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Four Signs of Reactionary Labor Strategy

(And Why You Should Avoid Them)

By Ethan Franklin

February 14, 2019

Most organizations believe they have a labor strategy. After all, labor is typically the largest controllable cost in a business, and its optimization pushes performance, reduces waste, and maximizes margins and profits. Yet few firms are designing a strategy that is thoughtful and deliberate when it comes to their human capital. Instead, many firms’ concepts of labor strategy occur by accident or default, based on responses and reactions to events as they occur. While this reactionary approach to labor strategy may be natural, it is short sighted and ultimately not effective in the long run.

Effective labor strategy does not occur by chance. Without a thoughtful, considered, and calculated labor strategy, performance will inevitably be sub-optimized, and dollars will be wasted across every hour, shift, and day. It is essential, in the current competitive economy, to have a deep understanding of how to deploy a labor force along with a vetted plan for when to make agile adjustments.

A Note on Increasing Turnover and Absenteeism

The simplest indicators that a labor strategy does not meet employee needs are problems with turnover and absenteeism. If the basic needs of employees, such as time off when necessary or reasonable overtime, are not met, employees will start to break a reactionary labor strategy. Top-line growth can often hide growing discontent at the employee level. Facilities often start with a five-day-per-week operation and then use overtime on weekends as volume grows. At first, the overtime strategy works well; many employees welcome the opportunity to make more money. But as volume continues to grow, employees are forced to work more and more six or seven-day weeks, with little or no time off. Absenteeism and turnover rates climb, while work quality and employee health and safety suffer. Problems with absenteeism and turnover cause a vicious cycle, where the most reliable employees pick up extra burdens, increasing stress and often leading to resignations and further turnover. A labor force “death spiral” can be the result.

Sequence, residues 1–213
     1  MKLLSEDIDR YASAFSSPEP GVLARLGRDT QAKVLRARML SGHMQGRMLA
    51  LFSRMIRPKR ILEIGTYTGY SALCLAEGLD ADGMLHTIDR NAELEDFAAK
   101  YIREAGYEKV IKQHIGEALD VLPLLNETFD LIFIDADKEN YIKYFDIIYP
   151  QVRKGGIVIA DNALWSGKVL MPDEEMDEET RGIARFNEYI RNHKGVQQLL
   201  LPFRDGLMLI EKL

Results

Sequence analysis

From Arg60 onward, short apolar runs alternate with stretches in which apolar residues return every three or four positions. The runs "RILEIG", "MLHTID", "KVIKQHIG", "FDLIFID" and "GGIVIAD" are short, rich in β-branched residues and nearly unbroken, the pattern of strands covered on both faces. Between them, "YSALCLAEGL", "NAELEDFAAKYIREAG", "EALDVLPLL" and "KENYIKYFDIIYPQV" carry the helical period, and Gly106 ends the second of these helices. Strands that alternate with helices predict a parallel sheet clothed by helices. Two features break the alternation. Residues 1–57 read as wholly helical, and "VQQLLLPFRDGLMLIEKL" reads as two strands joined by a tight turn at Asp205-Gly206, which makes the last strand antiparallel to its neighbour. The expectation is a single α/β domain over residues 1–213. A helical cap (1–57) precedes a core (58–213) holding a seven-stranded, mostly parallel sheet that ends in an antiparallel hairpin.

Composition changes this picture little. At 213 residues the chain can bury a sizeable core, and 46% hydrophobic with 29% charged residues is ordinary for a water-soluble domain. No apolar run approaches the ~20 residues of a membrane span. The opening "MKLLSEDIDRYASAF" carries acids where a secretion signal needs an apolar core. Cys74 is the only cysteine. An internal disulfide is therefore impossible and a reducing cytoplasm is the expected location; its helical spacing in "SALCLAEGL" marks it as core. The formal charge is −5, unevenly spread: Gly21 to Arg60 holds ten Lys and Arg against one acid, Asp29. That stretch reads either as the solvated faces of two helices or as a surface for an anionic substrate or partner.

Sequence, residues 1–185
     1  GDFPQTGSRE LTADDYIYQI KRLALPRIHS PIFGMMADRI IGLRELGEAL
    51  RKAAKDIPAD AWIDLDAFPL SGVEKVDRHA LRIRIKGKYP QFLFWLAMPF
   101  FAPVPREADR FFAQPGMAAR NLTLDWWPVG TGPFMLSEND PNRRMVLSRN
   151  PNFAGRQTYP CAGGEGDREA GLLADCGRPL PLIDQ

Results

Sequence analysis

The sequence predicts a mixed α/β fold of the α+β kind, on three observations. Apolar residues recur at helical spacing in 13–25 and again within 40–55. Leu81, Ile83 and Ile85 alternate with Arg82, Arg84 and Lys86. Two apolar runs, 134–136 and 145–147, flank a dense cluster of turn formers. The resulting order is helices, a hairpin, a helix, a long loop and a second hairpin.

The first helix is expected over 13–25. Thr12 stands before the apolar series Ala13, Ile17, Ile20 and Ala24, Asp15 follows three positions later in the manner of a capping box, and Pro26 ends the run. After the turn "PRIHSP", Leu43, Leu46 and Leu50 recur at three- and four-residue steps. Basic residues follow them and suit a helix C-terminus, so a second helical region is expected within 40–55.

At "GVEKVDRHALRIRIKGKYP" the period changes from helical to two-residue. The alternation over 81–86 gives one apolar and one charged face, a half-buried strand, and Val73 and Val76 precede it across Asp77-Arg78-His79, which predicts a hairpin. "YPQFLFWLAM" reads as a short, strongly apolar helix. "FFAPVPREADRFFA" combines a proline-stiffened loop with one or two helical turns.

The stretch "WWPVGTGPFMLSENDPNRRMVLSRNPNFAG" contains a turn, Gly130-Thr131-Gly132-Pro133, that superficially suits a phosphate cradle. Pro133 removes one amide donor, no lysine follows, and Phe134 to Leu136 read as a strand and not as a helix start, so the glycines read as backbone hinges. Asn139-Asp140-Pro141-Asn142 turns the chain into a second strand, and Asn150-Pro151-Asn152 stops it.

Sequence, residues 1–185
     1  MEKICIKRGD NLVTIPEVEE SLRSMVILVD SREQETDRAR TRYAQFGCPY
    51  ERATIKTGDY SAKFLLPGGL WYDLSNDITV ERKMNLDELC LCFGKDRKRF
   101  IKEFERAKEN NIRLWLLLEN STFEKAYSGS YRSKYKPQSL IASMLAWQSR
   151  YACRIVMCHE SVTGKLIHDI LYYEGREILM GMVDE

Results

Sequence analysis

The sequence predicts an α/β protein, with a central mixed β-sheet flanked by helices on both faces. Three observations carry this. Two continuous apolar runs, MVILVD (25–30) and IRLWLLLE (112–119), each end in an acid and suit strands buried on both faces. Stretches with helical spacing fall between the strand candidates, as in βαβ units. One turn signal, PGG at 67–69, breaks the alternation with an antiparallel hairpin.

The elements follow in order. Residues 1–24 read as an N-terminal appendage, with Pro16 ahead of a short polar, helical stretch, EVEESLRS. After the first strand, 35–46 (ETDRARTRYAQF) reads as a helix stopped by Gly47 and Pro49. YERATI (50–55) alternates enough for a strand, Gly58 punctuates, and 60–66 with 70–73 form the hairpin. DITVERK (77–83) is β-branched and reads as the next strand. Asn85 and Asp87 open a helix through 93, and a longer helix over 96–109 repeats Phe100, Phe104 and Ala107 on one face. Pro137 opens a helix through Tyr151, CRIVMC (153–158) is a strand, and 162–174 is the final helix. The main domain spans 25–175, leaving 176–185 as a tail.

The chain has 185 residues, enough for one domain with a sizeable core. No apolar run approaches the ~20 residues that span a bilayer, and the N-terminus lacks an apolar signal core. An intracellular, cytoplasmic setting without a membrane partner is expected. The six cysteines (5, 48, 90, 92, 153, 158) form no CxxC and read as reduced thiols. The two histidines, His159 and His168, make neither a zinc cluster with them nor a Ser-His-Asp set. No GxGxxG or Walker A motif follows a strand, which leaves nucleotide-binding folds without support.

With this in mind, below are four representative signs of a reactionary labor approach. If these resonate as true for your organization, perhaps it is time to reexamine how you and your teams approach labor strategy. Organizations we partner with typically identify opportunities between 11% and 17% of total payroll costs, while increasing employee engagement and the ability to better react to changes in their customer’s requirements. A focused approach based on best practices and deep labor strategy expertise can uncover all this potential within 4 to 6 weeks.

1. Historical Practice as Strategy

If your organization’s first reflexive response to potential labor strategy changes is to lean on historical precedence (“It has always been this way!”), then you have a potentially reactionary approach to labor. A series of routine actions, a shift schedule that has been in place for years, past “best” practices, outdated pay rules, and other suboptimal, status quo procedures, coupled with seemingly unpredictable situations and overarching disruption, create value destroying practices masquerading as “labor strategy”. Though historical precedent has taken your organization to where it is today, there is no guarantee historical practice will accelerate the firm forward successfully into the future.

2. Goals (Alone) as Strategy

If asked about labor strategy, many leaders respond not with strategic initiatives tied to labor, but rather with specific goals. For example, too often, “lowest unit labor cost” is shared as the overarching strategy. That may be the right end state goal for organizations, but it is the goal, not the strategy.